The photometric curve or luminosity function defines the sensitivity of the human visual system to radiation as a function of wavelength in the visible spectrum. The eye is not equally sensitive to energy at different wavelengths, being much more sensitive to the middle wavelengths (around 500 nm) and far less sensitive to the very short and very long wavelengths. It is important to note that there is more than one photometric curve that has been defined by the CIE. For example, the photopic luminosity function describes the wavelength sensitivity of the visual system under moderate levels of illumination, whereas the scotopic luminosity function describes sensitivity under very dark conditions. The photometric curve is used in photometry and colorimetry. In photometric units (such as luminance), every wavelength is weighted by the sensitivity of the human eye, whereas in radiometric units (such as radiance) this is not the case. The photometric curve and the CIE color-matching functions are used in the calculation of colorimetric values such as CIE XYZ.
What hand-held shade matching instruments are currently available? Recommendations?
Available are several instruments and systems intended for dental shade matching. These instruments usually involve hand-held components for intra-oral use, but may instead involve digital photography. Included in these instruments and systems are:
- SpectroShade Micro (MHT Optic Research AG, Niederhasli, Switzerland)
- VITA Easyshade Advanca 4.0 (Vident, Brea, CA)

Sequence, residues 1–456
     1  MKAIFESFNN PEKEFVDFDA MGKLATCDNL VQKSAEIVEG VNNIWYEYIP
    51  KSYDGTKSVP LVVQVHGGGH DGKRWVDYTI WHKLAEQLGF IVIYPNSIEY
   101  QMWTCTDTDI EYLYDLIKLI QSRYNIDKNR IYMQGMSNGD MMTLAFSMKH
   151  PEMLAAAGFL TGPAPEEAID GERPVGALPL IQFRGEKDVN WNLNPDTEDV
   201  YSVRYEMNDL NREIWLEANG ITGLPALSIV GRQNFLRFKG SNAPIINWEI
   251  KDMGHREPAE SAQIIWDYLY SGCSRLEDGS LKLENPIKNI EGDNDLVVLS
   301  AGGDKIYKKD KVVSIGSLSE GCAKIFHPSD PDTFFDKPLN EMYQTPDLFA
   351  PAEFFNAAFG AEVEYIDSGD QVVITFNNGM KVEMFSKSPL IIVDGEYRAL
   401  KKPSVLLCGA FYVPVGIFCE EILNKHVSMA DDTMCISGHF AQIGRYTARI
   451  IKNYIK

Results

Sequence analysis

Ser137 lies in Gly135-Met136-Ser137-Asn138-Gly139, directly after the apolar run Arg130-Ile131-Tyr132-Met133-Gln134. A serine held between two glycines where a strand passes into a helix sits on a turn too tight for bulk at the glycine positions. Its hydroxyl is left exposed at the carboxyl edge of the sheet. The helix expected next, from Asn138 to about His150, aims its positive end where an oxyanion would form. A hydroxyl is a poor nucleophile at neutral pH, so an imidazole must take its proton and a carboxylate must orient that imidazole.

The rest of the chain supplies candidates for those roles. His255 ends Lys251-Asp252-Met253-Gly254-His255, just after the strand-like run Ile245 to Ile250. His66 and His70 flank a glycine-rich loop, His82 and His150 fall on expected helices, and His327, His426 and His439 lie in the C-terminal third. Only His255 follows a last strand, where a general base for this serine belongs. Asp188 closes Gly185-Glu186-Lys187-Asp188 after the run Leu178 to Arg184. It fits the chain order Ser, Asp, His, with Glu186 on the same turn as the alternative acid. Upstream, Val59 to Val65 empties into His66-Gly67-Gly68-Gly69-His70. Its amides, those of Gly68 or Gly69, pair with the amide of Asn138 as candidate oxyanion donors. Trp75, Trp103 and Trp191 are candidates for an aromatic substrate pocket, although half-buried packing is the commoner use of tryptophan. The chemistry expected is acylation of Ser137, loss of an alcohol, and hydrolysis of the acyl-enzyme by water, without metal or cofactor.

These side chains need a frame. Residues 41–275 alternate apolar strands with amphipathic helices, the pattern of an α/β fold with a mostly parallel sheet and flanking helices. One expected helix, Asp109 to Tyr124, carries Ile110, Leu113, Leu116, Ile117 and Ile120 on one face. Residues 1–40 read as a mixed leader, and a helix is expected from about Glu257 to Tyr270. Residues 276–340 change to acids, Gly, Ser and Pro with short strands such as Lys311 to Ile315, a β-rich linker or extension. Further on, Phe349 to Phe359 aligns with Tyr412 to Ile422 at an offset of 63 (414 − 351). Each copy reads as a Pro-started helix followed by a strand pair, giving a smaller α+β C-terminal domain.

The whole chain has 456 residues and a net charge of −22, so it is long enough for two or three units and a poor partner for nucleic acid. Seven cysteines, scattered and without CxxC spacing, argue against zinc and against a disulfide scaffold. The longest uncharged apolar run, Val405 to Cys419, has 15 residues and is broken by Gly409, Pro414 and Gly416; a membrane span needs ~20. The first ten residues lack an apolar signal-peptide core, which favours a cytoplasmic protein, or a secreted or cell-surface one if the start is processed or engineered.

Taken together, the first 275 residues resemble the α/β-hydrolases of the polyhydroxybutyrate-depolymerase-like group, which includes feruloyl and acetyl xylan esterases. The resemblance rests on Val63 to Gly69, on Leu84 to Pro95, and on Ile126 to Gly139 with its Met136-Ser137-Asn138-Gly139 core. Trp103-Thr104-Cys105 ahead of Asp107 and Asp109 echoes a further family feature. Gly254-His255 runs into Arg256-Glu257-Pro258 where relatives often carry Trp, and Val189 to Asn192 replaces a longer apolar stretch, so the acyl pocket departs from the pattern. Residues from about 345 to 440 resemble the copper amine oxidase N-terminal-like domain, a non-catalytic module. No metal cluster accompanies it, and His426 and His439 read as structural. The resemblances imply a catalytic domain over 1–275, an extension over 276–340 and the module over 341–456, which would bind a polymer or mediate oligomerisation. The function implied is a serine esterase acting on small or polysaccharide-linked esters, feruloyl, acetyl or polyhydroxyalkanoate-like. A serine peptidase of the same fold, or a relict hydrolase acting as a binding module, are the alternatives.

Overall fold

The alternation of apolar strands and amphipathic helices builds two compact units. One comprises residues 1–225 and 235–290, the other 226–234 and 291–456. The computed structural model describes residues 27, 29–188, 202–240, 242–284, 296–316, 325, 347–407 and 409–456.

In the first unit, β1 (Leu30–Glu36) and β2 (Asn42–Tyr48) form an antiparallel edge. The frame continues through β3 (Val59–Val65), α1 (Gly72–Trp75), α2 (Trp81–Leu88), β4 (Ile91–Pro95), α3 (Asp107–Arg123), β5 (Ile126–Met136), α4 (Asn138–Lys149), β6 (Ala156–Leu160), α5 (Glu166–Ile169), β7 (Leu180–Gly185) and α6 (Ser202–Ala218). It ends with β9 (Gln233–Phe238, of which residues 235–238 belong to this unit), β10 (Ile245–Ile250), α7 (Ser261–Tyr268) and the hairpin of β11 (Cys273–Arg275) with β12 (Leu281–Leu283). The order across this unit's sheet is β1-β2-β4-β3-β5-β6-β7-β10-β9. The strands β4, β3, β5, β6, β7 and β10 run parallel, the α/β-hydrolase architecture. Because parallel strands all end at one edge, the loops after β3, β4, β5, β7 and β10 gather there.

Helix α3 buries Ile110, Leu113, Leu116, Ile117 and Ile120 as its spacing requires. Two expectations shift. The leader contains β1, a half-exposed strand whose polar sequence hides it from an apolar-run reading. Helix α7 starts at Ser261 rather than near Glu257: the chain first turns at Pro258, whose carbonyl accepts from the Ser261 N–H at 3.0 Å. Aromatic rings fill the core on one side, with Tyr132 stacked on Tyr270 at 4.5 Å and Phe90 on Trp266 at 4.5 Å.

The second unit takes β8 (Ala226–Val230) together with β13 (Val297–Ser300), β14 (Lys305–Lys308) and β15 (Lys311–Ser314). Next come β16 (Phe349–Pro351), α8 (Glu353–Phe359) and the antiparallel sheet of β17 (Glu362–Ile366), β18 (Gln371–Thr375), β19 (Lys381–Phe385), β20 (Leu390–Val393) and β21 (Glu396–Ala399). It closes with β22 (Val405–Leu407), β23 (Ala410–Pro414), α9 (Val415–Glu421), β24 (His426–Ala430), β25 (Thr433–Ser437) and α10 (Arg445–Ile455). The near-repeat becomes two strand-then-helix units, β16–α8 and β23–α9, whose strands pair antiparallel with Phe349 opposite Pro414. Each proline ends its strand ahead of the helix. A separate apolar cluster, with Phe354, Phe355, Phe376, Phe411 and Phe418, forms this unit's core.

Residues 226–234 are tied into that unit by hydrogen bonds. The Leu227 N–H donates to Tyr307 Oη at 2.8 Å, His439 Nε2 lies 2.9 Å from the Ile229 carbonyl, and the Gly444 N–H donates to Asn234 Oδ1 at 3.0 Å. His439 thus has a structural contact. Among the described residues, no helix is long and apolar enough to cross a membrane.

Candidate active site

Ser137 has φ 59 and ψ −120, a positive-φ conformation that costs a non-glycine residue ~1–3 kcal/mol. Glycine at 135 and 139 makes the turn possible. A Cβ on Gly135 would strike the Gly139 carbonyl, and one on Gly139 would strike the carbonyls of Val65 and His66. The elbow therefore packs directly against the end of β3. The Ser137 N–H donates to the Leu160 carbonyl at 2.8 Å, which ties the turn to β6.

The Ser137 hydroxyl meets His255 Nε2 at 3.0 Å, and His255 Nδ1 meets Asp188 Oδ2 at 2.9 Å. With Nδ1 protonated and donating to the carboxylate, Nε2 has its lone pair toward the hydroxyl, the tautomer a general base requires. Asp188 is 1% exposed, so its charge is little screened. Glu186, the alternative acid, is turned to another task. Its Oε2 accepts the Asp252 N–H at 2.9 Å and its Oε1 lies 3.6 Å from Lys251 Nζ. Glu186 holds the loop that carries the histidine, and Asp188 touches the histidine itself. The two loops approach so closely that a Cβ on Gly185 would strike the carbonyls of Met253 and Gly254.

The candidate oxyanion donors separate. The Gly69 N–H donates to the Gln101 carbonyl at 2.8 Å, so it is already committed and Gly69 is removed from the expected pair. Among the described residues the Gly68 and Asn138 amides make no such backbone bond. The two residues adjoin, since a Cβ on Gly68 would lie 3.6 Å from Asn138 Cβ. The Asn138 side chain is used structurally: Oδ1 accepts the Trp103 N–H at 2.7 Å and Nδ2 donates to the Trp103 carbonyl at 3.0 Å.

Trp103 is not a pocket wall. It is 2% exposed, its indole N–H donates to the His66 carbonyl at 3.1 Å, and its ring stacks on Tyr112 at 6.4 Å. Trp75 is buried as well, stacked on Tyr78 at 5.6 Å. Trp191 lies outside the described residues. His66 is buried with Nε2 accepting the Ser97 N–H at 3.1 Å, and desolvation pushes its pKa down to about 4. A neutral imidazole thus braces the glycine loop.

Regarding recommendations, there is much to consider before making any recommendation for shade matching. The current standard of visual shade matching has been highly criticized, yet the independent and conflict-free assessment of validity of each instrument must be established relative to a gold standard of shade specification, as validity is the major concern for the recommendation of any instrument. Currently insufficient information regarding the validity and precision of these instruments is available. Furthermore, ease of use and ease of incorporation into a clinical setting should also be considered before a recommendation can be made.
Is there an ideal color space for natural teeth?
The CIE has recently recommended modifications to the CIELAB color space in the form of the L’a’b’ color space and its application through a revised color difference formula. Currently, this L’a’b’ color space and the newly recommended CIE DE2000 color difference formula represent the best specification of a color space and its application in practical clinical dentistry and the research of esthetic dental materials. Further research is needed to assess the ideal constants in the CIE DE2000 color difference formula that should be applied to differences in tooth colors.
How do you measure fluorescence in natural teeth?
Fluorescence is most frequently measured by means of a spectrophotofluorometer, which can independently adjust and monitor both the illumination and the observation wavelengths. Since available spectrophotofluorometers commonly involve apertures for specimen placement, edge loss may be present in these measures when the path-length of any fluorescent effect exceeds the distance from the illumination beam to the aperture edge. There are also concerns about calibration, since any adjustment of wavelength involves varying the intensity of the light passing through device which adjusts the wavelength. As always, the calibration of light from curved surfaces can be an issue for natural teeth. Nevertheless, practically useful simplifications can be implemented which provide useful information about the fluorescence of natural teeth.